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The Guru Granth Saheb

by Dr. Jyotsna Kamat
First Online: June 07, 2006
Page Last Updated: November 01, 2016

Sri Granth Saheb (a.k.a. Guru Grunth Sahib) is the holiest book of Sikhs (granth, meaning book, saheb meaning supreme). It is called "Guru" because Guru Gobind Singh (1660-1708 C.E.), the tenth and last guru of the Sikhs, declared that after him, there will be no Guru and diktat of Granth Saheb will be final. Compiled by the fifth guru after Guru Nanak, Arjan Dev (1563-1606), Granth Saheb in a sense could be the holy book for Indian subcontinent as well. This is because besides compositions of Sikh gurus, it includes teachings and hymns of more than a dozen of other saints from different communities and regions. Compositions of Hindu, Muslim and Dalit  (or depressed classes) from all over India are included in the book: Bhikan came from Oudh, Dhanna and Pipa from Rajasthan, Jaidev from Bengal, Ramanand, Kabir, Farid and Ravidas from Banaras (Varanasi, present day Uttar Pradesh), Namdev and Trilochan from Maharashtra. There were several devotees and disciples from Punjab whose hymns are also included.

Guru Nanak  used to compose songs on the spot and sing. His disciples collected them in book form which was known as "Adigranth". Sayings (Shabad) and hymns of four gurus who followed him, Angad Amardas and Ramadas were also included in different books called "Pothis". Guru Arjan Dev took upon himself the tremendous task of compiling all the scattered songs, sayings and hymns (shabad and bani) sifting and marshalling. He even managed to get the manuscript "Pransangli" said to have been composed and sung by Guru Nanak, during his sojourn in Ceylon (Sri Lanka). This Guru, Arjun Dev himself provided much needed prayers, hymns and songs for group singing (bhajans). They form bulk of the book.

Guru Arjan Dev was a gifted poet and musician. All the spiritual literature has been classified in different ragas. Each song is indicated by a specific raga. Thirty one ragas prevalent then have been used. Arjan Dev got approval of the rendering of ragas and singing style from the bards who were traditional singers and who roamed the country.

The great Book was ready by 1604 C. E. Called Granth Saheb, it was installed at the Harimandir of Amristar. Guru Arjan Dev also built the Golden Temple.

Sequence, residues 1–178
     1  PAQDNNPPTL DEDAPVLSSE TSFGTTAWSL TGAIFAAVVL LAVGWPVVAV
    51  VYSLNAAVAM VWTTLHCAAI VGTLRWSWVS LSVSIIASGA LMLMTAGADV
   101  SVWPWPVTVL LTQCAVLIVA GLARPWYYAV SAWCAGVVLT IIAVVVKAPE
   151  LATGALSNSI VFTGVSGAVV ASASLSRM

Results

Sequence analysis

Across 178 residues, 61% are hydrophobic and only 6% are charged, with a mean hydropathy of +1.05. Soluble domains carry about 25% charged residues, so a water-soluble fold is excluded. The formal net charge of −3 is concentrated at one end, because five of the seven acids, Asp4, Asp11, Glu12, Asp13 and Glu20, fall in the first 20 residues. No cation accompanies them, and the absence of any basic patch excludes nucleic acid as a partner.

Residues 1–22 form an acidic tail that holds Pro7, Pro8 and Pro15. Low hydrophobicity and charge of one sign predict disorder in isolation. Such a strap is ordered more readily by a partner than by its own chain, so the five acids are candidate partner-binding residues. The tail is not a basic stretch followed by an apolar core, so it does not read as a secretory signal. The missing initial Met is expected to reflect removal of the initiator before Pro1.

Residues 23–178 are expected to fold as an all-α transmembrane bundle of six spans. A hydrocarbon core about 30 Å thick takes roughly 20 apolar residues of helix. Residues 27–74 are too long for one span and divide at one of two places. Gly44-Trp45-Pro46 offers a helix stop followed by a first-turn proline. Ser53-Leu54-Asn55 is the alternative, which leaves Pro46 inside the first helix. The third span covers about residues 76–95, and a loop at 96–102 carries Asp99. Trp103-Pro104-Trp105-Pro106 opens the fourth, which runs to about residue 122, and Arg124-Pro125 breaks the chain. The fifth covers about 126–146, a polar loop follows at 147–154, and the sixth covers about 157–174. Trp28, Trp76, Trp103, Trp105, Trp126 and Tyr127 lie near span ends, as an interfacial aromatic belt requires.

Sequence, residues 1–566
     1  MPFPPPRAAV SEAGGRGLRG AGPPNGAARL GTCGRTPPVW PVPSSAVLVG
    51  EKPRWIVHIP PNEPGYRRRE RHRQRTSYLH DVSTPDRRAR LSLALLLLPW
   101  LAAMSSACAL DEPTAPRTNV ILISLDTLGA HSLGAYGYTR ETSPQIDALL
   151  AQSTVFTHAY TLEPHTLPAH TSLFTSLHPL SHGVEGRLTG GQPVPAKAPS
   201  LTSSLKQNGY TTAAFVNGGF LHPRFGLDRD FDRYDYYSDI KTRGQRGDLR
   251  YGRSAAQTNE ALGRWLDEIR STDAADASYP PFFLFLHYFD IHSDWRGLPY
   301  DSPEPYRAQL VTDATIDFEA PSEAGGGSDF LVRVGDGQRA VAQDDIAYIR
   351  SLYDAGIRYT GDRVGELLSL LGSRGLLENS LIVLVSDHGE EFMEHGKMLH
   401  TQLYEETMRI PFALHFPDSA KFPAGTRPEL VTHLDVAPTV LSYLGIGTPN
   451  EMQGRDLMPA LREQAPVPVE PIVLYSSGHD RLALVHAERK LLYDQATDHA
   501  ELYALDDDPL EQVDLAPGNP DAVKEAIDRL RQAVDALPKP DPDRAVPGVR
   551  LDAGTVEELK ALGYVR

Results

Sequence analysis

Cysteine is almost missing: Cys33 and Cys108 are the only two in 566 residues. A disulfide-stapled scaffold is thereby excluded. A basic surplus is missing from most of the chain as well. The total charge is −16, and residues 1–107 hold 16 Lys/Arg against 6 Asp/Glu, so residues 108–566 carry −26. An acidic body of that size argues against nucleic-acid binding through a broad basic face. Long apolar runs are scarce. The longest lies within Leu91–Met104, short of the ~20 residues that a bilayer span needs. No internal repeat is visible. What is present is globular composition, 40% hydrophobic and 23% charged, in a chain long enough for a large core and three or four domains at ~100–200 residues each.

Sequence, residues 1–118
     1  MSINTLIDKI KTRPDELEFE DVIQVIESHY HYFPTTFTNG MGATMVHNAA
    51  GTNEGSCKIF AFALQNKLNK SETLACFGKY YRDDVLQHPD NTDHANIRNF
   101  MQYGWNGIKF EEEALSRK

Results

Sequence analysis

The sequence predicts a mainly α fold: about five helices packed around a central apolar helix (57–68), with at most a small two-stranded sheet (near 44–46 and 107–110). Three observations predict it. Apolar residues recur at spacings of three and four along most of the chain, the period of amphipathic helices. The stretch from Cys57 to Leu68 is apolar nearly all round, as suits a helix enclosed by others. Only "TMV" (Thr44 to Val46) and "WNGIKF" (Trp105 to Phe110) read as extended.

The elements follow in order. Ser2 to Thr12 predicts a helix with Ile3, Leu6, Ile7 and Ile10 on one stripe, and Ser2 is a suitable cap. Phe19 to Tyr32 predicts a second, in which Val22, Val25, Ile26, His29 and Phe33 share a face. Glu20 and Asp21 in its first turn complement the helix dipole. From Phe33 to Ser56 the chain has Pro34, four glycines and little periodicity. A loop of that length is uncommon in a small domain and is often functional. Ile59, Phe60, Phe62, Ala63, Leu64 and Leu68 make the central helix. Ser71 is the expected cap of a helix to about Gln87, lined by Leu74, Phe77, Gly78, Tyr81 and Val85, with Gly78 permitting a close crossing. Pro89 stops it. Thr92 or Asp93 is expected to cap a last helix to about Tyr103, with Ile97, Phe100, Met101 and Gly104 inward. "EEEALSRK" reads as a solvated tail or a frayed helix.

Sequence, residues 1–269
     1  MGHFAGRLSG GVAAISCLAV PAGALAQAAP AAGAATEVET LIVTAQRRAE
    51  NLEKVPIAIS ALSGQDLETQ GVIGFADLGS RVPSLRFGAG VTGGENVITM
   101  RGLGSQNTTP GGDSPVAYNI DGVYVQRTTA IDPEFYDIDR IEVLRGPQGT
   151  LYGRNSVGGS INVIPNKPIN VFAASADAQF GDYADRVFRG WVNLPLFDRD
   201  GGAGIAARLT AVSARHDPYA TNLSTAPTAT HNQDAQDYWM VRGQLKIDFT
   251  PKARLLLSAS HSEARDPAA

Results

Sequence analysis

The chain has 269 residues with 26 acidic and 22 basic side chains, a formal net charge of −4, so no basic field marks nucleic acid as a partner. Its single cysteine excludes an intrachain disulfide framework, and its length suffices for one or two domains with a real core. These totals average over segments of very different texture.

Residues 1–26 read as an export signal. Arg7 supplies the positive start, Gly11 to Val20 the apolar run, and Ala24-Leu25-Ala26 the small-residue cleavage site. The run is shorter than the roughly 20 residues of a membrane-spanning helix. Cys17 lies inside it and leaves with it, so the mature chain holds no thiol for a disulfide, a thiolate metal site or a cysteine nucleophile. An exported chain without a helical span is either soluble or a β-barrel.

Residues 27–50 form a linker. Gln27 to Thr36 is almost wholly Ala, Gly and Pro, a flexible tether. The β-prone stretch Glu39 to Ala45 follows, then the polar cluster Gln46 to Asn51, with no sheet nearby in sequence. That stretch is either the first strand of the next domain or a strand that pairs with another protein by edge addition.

The final compilation was done by Guru Gobind Singh in 1705 C. E. to include his father Guru Teg Bahadur's Slokas and only one `bani' of his own.

The holy book contains the following:

  • Japji, prayer of meditation, composed by Nanak which is recited by every devout Sikh early in the morning.
  • Sukhmani, Arjan Dev's composition and most popular one is recited before commencing daily chores.
  • Rahiras are hymns of all the Gurus, sung in the evening, and at times, in congregation.
  • Sohilas or Sohan-Velas are recited before going to bed.

© K. L. Kamat
Guru Granth Sahib
Guru Gobind Singh Honoring Adi Granth
Guru Gobind Singh declared that he was the last of the Sikh gurus 
and hence forth all reverence be provided only to the sacred book

The holy book of Granth Saheb gets the ritualistic worship which a supreme deity gets in Indian tradition. The custodian of the holy book is called Granthi. The learned person who interprets the hymns is called Gyani (as in Gyani Zail Singh, a former president of India)

The language of most compositions is old Punjabi while that of saints of other regions is Hindvi, Sadh Hindvi or old Hindi, prevalent among bards, pilgrims and fakirs who traveled throughout the country in those days. It was easily understood in most parts of North India. The script is Gurmukhi, which was invented by the second Guru Angad.

Granth Saheb is hailed for its spiritual message of the Omniscient and Omnipotent God's grace and for  its poetry and as a guide to pious and chaste living and towards realization of  God.

Famous places where a copy of Granth Saheb is installed and worshipped, are known as Gurdwaras. People of all creed and caste are welcome to offer prayers and partake prashad in langar (community dinner) at these places.

See Also:

  • By Jyotsna Kamat -- Dr. Jyotsna Kamat is an active contributor to Kamat's Potpourri. Read all her articles here.

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